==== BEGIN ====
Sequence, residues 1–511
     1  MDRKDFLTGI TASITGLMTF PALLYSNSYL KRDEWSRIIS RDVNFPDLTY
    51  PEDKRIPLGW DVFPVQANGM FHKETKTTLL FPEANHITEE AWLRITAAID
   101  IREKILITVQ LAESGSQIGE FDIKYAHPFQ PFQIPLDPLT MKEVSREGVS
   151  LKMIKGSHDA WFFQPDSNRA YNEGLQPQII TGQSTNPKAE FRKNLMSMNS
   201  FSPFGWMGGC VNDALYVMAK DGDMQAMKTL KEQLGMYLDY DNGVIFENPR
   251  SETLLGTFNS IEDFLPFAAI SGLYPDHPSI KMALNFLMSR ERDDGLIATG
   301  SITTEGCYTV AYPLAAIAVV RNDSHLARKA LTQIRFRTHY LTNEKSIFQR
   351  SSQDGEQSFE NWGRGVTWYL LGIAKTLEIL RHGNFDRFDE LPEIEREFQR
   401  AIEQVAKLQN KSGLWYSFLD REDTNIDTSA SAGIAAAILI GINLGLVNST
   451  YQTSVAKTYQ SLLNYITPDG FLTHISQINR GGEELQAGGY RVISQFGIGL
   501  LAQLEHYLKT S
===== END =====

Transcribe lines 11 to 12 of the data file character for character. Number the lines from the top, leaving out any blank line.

   451  YQTSVAKTYQ SLLNYITPDG FLTHISQINR GGEELQAGGY RVISQFGIGL
   501  LAQLEHYLKT S